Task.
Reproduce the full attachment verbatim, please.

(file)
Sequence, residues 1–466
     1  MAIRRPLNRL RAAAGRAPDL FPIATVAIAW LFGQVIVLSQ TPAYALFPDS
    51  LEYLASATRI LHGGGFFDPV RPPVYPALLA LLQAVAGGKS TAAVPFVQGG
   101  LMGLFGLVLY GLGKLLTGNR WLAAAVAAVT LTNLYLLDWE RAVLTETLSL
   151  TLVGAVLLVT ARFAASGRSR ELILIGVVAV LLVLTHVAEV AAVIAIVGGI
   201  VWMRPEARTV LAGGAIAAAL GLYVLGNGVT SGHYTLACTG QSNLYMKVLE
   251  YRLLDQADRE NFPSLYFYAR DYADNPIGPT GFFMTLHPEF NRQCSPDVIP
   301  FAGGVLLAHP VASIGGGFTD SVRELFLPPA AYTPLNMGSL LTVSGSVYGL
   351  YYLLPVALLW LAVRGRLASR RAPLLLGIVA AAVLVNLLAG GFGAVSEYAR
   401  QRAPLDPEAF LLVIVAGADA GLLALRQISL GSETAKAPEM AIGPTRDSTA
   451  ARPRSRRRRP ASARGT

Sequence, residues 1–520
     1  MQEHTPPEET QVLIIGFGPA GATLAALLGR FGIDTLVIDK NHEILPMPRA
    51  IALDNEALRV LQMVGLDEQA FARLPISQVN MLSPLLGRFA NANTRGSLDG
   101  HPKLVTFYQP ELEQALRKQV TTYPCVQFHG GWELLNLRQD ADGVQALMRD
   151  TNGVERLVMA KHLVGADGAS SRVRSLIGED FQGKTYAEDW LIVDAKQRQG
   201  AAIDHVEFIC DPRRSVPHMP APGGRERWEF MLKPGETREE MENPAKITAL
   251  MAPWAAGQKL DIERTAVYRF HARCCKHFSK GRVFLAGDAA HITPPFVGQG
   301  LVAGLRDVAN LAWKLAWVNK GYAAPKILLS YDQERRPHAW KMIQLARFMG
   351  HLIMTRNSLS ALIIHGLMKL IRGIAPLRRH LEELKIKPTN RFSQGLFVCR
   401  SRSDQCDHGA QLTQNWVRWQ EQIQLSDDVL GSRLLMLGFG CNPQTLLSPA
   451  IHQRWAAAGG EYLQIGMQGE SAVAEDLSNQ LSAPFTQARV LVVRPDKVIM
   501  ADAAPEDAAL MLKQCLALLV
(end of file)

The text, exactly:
Sequence, residues 1–466
     1  MAIRRPLNRL RAAAGRAPDL FPIATVAIAW LFGQVIVLSQ TPAYALFPDS
    51  LEYLASATRI LHGGGFFDPV RPPVYPALLA LLQAVAGGKS TAAVPFVQGG
   101  LMGLFGLVLY GLGKLLTGNR WLAAAVAAVT LTNLYLLDWE RAVLTETLSL
   151  TLVGAVLLVT ARFAASGRSR ELILIGVVAV LLVLTHVAEV AAVIAIVGGI
   201  VWMRPEARTV LAGGAIAAAL GLYVLGNGVT SGHYTLACTG QSNLYMKVLE
   251  YRLLDQADRE NFPSLYFYAR DYADNPIGPT GFFMTLHPEF NRQCSPDVIP
   301  FAGGVLLAHP VASIGGGFTD SVRELFLPPA AYTPLNMGSL LTVSGSVYGL
   351  YYLLPVALLW LAVRGRLASR RAPLLLGIVA AAVLVNLLAG GFGAVSEYAR
   401  QRAPLDPEAF LLVIVAGADA GLLALRQISL GSETAKAPEM AIGPTRDSTA
   451  ARPRSRRRRP ASARGT

Sequence, residues 1–520
     1  MQEHTPPEET QVLIIGFGPA GATLAALLGR FGIDTLVIDK NHEILPMPRA
    51  IALDNEALRV LQMVGLDEQA FARLPISQVN MLSPLLGRFA NANTRGSLDG
   101  HPKLVTFYQP ELEQALRKQV TTYPCVQFHG GWELLNLRQD ADGVQALMRD
   151  TNGVERLVMA KHLVGADGAS SRVRSLIGED FQGKTYAEDW LIVDAKQRQG
   201  AAIDHVEFIC DPRRSVPHMP APGGRERWEF MLKPGETREE MENPAKITAL
   251  MAPWAAGQKL DIERTAVYRF HARCCKHFSK GRVFLAGDAA HITPPFVGQG
   301  LVAGLRDVAN LAWKLAWVNK GYAAPKILLS YDQERRPHAW KMIQLARFMG
   351  HLIMTRNSLS ALIIHGLMKL IRGIAPLRRH LEELKIKPTN RFSQGLFVCR
   401  SRSDQCDHGA QLTQNWVRWQ EQIQLSDDVL GSRLLMLGFG CNPQTLLSPA
   451  IHQRWAAAGG EYLQIGMQGE SAVAEDLSNQ LSAPFTQARV LVVRPDKVIM
   501  ADAAPEDAAL MLKQCLALLV